>>>> to try to provide hardware companies with a way of complying without
>>>> harming the community.
>>> My view is mildly more extreme - the 2.4 and 5.8 ghz spectrum currently
>>> allocated to wifi is the *public's* spectrum.
>>> I am deeply concerned about further intrusions on it by things like
>>> and we need more spectrum, not less, in order to keep wifi for
>>> everyone, working.
>>>> I'm looking to find individuals (and other companies!) interested in
>>>> working with myself and the foundation, companies, the OpenWrt
>>>> and eventually regulators to provide guidance to hardware
>>>> companies on how to best comply with these rules.
>>> I intend to continue ignoring them to what extent I can. Regrettably
>>> this situation is contributing to community members being unable to
>>> apply new queue management techniques to new standards like 802.11ac,
>>> and seems to be the source of all the proprietary ac firmware.
>>> I think a first step would merely to be for a big maker to publicly
>>> release their 802.11ac firmware and let the chips fall where they may.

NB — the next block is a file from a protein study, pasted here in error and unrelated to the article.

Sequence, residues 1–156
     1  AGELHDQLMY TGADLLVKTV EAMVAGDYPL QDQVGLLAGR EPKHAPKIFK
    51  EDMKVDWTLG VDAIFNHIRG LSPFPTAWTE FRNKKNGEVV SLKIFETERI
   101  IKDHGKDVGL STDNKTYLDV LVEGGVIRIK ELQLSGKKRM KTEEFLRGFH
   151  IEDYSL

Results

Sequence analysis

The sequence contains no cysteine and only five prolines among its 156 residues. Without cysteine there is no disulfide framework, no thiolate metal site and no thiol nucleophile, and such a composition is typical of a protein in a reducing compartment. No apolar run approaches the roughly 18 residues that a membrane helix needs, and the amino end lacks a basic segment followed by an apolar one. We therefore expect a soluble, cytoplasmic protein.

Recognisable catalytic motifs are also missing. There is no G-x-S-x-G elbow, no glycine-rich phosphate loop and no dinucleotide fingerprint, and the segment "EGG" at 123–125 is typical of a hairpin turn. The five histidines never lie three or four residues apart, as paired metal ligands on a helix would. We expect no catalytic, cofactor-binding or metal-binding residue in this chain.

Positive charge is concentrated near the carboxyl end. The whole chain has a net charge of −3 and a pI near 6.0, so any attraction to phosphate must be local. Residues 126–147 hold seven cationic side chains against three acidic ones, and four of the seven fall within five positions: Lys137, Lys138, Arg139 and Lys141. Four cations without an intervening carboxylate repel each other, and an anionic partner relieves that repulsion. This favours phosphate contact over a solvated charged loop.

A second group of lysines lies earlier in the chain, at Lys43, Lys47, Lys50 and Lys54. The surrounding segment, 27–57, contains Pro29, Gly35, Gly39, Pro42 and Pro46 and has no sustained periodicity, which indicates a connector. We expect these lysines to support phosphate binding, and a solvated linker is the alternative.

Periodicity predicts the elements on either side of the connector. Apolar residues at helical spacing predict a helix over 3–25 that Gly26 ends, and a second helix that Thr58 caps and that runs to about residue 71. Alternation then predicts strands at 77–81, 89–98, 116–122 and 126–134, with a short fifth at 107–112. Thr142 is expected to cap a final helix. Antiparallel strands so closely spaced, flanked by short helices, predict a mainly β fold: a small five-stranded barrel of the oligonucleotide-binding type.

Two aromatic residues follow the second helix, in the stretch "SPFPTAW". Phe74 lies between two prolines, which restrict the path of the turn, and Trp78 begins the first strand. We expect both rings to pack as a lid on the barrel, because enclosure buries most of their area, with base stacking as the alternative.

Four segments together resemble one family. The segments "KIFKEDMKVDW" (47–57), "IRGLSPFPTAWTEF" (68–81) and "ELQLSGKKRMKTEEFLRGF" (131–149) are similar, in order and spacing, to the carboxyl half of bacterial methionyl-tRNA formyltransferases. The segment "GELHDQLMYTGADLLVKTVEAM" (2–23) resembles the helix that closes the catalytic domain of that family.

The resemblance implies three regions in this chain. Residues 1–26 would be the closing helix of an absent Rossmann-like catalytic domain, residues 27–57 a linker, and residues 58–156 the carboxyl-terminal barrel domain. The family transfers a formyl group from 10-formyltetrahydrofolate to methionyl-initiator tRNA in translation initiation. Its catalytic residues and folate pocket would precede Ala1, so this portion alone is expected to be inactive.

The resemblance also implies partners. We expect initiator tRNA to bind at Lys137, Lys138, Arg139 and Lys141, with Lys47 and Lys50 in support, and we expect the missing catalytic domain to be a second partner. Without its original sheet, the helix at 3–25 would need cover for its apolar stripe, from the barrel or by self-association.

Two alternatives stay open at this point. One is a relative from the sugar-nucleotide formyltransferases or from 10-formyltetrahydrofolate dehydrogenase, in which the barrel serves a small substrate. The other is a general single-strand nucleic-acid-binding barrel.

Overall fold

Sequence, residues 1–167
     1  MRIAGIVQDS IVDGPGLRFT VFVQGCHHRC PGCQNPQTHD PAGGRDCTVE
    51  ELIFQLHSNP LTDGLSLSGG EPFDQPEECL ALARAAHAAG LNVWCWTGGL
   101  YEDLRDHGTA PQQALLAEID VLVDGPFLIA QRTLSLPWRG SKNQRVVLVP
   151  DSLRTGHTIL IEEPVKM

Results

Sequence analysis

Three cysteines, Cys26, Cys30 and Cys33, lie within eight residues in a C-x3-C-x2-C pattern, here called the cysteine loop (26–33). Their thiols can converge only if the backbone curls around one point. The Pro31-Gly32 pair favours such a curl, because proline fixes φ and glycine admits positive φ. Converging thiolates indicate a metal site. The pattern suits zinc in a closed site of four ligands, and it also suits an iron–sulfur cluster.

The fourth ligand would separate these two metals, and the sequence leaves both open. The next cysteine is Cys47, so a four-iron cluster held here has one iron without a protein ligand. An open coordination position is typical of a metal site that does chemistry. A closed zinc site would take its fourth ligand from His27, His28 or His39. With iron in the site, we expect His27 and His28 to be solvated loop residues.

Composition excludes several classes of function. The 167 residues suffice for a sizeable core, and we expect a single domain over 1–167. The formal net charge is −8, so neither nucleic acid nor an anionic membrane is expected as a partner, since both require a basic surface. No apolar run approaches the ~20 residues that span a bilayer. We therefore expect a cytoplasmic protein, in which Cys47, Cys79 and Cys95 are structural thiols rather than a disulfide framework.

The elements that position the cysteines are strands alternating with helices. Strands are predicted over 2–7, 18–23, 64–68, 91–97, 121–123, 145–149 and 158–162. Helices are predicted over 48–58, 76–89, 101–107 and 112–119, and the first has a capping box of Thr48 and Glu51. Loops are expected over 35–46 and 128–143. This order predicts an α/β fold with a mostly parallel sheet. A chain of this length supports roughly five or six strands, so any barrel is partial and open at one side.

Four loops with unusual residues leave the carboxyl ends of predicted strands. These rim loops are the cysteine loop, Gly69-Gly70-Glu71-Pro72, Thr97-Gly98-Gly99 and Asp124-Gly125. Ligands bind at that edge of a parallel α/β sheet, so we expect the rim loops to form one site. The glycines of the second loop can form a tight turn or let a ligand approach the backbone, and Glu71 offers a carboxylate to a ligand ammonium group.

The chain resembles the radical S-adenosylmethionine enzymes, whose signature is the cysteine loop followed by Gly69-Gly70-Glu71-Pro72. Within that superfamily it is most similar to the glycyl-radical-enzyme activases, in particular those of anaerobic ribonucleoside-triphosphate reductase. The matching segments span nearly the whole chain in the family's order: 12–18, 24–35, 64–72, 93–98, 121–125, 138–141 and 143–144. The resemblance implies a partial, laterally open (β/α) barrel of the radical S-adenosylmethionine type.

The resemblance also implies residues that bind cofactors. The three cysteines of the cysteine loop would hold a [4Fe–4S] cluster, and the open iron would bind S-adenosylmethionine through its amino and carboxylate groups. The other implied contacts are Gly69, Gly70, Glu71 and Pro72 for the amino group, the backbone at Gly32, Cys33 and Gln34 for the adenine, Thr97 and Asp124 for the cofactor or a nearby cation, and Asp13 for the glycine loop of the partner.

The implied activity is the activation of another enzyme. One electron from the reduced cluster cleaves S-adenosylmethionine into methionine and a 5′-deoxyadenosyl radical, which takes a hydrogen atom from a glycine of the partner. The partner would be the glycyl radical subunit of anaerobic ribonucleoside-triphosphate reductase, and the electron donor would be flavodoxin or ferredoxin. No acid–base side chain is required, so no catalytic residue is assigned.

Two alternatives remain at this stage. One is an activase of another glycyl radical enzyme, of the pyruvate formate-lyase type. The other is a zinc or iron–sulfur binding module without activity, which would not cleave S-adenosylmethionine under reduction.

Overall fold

>>>> If you're interested
>>>> in getting involved or just would like to know more, please get in
>>>> touch with me. We want to make sure that routers are hackable
>>>> and we could use all the help we can get.
>>> +10. I would like to see prpl participating in the make-wifi-fast effort,
>>>> Thanks and I look forward to working with you,
>>>> Eric Schultz, Community Manager, prpl Foundation
>>>> eschultz at prplfoundation.org
>>>> cell: 920-539-0404
>>>> skype: ericschultzwi
>>>> Cerowrt-devel mailing list
>>>> Cerowrt-devel at lists.bufferbloat.net
>>> Dave Täht
>> Eric Schultz, Community Manager, prpl Foundation
>> eschultz at prplfoundation.org
>> cell: 920-539-0404
>> skype: ericschultzwi
>> Cerowrt-devel mailing list
>> Cerowrt-devel at lists.bufferbloat.net
Eric Schultz, Community Manager, prpl Foundation
eschultz at prplfoundation.org